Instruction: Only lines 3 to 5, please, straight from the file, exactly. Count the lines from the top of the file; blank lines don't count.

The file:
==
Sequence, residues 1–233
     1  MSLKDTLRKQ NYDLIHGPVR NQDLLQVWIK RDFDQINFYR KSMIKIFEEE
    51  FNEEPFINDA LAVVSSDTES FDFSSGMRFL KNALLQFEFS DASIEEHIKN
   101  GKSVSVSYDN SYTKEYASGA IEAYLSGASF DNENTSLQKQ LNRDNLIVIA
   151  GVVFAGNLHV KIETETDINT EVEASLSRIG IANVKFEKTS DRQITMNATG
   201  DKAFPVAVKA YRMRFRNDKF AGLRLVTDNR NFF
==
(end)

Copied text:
    51  FNEEPFINDA LAVVSSDTES FDFSSGMRFL KNALLQFEFS DASIEEHIKN
   101  GKSVSVSYDN SYTKEYASGA IEAYLSGASF DNENTSLQKQ LNRDNLIVIA
   151  GVVFAGNLHV KIETETDINT EVEASLSRIG IANVKFEKTS DRQITMNATG